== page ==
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The Gabelli Global Small and Mid-Cap Value Trust (NYSE:GGZ) is a closed-end diversified management investment company focused on midcap equities. The fund has capital growth as its main objective. As per the fund literature:

Under normal market conditions, the Fund will invest at least 80% of its total assets in equity securities (such as common stock and preferred stock) of companies with small or medium sized market capitalizations. The Fund currently defines “small cap companies” as those with a market capitalization generally less than $3 billion at the time of investment and “mid cap companies” as those with a market capitalization between $3 billion and $12 billion at the time of investment. At least 40% of its total assets will be invested in the equity securities of companies located outside the United States and in at least three countries.

The fund is on the small side with an AUM of approximately $100 million and an expense ratio of 1.8%. The fund has a poor Sharpe ratio of 0.2 on a 5-year range and underperformed significantly the two main midcap indices, the S&P Mid-Cap 400 Index (SP400) and the Russell index as reflected in the iShares Russell Mid-Cap ETF (IWR). The fund has a total return in the past 5-years that is only 7% and its high leverage has been responsible for a massive drawdown during the Covid crisis. We feel we are currently in the midst of a bear market rally and not done with equities selling, therefore there is further weakness to come for GGZ. However, more importantly, long term we do not see the necessary alpha generation capabilities that would have us go long GGZ versus a plain vanilla ETF in the midcap space.

We feel this fund is running a leverage ratio that is too high and has a stock selection which has failed to impress during the last up-leg in the market. Leverage can be destructive when the underlying equities do not outperform the index, and this is what we are seeing in this case. It is ultimately about total returns, and GGZ is lagging. The vehicle is trading at a -13.2% discount to NAV and has seen discounts as wide as -20%. There is nothing in the metrics of this fund or its historical performance that would have us go long GGZ versus a plain vanilla index ETF in the space. We feel this is an example of a CEF using too much leverage that has not translated into returns.


AUM: $0.1 billion.

Sharpe Ratio: 0.2 (5Y).

St Deviation: 22 (5Y).

Yield: 5.78%.

Expense Ratio: 1.8%.

Premium/Discount to NAV: -13.2%.

Z-Stat: -0.9.

Leverage Ratio: 38%.

* the fund runs leverage through a preferred share offering rather than a traditional TRS line with an investment bank

* the CEF has 4.00% Series B Cumulative Preferred (GGZ.PRB) shares outstanding with an aggregate notional of $40 million


The fund counts Food & Beverage as its top sector:


Top Sectors (Fund Fact Sheet)

The top holdings are as follows, but being in the midcap space the companies are not resounding names:


Top Ten Holdings (Fund Fact Sheet)

Herc Holdings (HRI) is for example an equipment rental company with a history of over 60 years. The company has a 2.75 billion market cap that has almost doubled in the past two years. The fund has an annual asset turnover of 23%, meaning that the holdings change fairly frequently.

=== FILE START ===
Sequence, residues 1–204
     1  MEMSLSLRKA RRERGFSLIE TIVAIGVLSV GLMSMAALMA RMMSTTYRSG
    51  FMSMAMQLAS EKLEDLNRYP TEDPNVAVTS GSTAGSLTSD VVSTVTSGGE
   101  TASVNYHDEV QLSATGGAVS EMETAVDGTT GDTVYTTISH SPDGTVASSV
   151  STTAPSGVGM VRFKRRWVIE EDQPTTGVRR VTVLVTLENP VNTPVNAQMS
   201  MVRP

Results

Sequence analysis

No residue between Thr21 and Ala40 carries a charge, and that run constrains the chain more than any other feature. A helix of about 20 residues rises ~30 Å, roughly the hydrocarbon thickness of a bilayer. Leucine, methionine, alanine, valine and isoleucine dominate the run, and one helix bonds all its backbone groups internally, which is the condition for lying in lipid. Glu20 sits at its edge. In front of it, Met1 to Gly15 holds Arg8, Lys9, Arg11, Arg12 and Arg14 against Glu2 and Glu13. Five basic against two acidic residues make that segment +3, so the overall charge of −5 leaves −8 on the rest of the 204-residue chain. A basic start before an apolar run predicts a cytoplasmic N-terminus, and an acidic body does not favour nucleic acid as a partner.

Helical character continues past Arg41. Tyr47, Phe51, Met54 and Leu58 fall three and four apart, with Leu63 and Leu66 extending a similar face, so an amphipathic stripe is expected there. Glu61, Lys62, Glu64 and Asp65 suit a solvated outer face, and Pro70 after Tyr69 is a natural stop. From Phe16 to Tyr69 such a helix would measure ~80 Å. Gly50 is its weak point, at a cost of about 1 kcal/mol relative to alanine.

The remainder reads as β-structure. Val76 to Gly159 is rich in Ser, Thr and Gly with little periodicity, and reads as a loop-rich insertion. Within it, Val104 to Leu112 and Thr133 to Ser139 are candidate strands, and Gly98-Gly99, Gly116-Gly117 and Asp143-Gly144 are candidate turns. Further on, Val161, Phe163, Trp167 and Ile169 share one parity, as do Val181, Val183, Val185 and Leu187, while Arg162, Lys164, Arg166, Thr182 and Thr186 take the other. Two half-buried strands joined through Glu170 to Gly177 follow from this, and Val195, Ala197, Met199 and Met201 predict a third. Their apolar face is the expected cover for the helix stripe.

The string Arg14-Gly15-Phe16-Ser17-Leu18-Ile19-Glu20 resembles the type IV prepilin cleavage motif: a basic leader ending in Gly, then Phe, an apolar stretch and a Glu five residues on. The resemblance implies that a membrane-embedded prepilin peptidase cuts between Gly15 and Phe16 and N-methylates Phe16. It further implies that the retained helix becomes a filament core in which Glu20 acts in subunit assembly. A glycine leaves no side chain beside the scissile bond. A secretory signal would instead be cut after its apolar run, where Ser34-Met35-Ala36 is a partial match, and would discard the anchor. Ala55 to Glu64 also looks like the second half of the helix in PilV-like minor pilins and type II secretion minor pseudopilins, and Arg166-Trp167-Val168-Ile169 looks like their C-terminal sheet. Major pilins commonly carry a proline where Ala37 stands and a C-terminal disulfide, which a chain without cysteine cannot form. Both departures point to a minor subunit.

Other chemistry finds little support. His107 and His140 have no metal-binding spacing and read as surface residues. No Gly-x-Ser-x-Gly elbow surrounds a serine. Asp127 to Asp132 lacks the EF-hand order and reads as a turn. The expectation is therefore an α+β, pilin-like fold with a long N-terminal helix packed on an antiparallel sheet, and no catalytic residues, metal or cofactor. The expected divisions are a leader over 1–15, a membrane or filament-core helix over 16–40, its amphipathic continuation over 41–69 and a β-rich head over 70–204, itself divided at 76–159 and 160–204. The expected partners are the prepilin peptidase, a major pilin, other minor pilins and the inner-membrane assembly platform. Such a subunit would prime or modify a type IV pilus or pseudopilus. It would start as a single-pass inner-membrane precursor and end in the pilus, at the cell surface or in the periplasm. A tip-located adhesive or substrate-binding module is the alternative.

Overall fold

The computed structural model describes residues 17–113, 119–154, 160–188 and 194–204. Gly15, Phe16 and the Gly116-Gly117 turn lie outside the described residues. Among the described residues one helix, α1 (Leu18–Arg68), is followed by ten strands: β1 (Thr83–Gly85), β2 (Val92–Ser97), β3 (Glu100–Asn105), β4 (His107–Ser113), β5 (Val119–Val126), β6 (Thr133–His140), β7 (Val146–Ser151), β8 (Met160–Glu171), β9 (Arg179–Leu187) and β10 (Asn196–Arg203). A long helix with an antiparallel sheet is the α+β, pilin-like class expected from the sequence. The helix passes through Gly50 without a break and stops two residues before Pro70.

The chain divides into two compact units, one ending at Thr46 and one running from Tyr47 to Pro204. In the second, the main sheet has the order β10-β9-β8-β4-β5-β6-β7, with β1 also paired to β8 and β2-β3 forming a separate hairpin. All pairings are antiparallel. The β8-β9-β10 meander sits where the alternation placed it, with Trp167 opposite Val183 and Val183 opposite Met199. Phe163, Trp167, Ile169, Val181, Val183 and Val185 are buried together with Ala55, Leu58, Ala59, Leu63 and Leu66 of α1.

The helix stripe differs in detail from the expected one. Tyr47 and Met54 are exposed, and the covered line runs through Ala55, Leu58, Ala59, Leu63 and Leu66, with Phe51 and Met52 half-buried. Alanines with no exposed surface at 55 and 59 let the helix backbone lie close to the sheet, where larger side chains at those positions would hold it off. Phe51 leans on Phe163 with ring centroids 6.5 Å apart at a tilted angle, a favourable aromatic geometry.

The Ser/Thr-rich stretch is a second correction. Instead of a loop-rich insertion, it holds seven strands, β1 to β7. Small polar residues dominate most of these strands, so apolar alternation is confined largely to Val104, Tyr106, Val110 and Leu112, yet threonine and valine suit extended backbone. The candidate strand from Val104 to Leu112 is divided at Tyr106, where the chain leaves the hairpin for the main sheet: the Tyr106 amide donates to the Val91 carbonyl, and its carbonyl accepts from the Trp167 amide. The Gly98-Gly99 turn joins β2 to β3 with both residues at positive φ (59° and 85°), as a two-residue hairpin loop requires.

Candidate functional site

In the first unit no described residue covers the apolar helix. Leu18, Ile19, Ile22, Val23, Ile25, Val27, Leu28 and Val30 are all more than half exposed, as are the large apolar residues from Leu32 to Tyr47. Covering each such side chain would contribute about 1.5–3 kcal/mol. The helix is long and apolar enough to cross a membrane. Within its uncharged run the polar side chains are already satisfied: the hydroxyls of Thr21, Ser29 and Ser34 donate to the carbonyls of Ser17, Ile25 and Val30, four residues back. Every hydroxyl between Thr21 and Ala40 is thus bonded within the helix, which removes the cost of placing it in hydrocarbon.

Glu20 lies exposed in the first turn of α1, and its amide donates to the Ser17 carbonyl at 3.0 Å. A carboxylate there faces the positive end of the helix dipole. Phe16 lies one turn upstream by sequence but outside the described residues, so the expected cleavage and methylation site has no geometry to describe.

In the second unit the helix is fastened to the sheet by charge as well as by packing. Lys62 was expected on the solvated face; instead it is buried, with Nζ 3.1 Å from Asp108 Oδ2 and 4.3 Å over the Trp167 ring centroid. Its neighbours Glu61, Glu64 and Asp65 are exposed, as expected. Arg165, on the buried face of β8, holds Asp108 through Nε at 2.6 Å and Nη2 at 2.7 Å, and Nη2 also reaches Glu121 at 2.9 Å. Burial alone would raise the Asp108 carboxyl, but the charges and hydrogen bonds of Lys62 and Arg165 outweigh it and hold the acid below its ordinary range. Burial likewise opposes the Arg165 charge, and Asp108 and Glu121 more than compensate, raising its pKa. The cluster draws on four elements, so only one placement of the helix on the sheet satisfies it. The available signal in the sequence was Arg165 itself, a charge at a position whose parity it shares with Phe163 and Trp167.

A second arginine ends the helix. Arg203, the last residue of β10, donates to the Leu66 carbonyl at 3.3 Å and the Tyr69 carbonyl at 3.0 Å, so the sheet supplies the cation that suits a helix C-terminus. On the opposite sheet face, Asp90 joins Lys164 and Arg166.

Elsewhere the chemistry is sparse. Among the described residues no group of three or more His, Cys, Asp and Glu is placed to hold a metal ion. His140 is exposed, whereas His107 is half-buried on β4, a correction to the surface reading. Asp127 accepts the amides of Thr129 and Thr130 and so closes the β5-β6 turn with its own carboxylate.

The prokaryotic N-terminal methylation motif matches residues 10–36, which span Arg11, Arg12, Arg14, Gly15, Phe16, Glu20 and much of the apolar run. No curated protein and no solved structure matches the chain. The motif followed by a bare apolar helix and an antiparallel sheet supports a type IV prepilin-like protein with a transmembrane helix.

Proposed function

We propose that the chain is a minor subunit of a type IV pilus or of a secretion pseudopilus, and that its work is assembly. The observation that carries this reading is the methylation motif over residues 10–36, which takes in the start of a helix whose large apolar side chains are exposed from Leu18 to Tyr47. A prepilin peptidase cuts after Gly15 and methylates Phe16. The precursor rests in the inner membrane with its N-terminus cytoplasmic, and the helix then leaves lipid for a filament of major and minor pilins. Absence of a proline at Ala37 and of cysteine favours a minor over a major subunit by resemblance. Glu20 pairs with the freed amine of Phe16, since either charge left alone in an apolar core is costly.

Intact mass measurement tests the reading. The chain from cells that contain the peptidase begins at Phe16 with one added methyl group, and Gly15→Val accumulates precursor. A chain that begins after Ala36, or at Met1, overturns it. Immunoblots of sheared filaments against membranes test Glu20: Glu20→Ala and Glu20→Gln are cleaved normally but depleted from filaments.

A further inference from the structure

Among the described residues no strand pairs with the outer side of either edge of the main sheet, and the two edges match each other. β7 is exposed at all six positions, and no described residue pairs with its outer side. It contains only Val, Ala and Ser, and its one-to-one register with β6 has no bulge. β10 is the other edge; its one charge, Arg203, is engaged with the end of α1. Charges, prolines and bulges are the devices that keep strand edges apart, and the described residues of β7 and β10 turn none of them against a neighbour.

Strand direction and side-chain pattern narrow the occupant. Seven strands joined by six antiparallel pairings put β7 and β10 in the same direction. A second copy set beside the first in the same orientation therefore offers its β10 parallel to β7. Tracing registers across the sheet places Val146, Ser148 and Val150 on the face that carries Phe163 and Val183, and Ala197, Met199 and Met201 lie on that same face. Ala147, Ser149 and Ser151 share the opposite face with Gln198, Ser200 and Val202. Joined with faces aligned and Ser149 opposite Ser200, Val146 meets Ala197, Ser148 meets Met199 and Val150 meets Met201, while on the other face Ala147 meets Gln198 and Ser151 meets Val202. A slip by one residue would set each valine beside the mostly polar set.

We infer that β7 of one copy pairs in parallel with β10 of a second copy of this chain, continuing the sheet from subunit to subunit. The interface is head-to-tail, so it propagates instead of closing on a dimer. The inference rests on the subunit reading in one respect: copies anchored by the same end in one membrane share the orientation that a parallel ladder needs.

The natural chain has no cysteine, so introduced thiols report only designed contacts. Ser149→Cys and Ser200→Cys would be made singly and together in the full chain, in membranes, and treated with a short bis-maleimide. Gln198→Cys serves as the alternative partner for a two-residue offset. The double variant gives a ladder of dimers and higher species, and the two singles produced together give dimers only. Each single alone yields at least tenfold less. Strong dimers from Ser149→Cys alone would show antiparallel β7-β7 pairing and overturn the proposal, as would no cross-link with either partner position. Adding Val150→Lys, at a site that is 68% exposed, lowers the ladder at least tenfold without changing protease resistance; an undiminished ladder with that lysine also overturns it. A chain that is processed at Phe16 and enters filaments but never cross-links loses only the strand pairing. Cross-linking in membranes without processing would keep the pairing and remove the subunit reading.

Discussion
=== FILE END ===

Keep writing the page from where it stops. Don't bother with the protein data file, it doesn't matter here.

The fund is down almost -30% year to date:


YTD Performance (Seeking Alpha)

The vehicle is down almost -30% year to date versus -20% for the benchmark indices. The reason behind this deeply negative performance is the high amount of leverage for the fund, which clocks in at 38%. As a reminder, leverage magnifies returns both on the upside as well on the downside. 2022 has proven itself to be the year when the downside is magnified.

More worryingly though, the fund did not beat the indices during the rally up in the markets either:


5-Year Performance (Seeking Alpha)

We do not like to see this type of graph – a highly leveraged CEF with a good stock selection should be able to beat the index when the market is static or rallying. Otherwise, it is symptomatic of poor securities selection and that translates into a CEF that should not be bought. We can see from the above graph that GGZ did not beat the index from 2017 to 2020, experienced a massive drawdown that impaired some of the holdings during Covid and never subsequently overperformed. There is not much to like here where a 5-year period total return is zero. Why hold an investment if it does not produce any returns when the benchmark index does?


The fund is currently trading at a -13.2% discount to NAV. To put it into historical context:


Premium/Discount (Morningstar)

The current discount to net asset value is trending towards the wide side, but the fund has always traded at a discount to NAV. We can see that during 2018 that discount hit a wide of -21.2%.


GGZ is a closed end fund focused on U.S. midcap equities. The fund has a fairly mediocre track record, underperforming no leverage ETFs in the space. GGZ runs a very high leverage ratio of 38% which has been responsible for its deep negative performance of close to -30% year to date. The vehicle has seen the destructive force of leverage during the Covid crisis as well when it experienced a very deep drawdown. With poor risk/reward analytics we feel GGZ is a good example of a CEF running very high leverage while failing to produce matching results. We do not see any reason for going long GGZ versus a plain vanilla ETF with no leverage in the midcap space.


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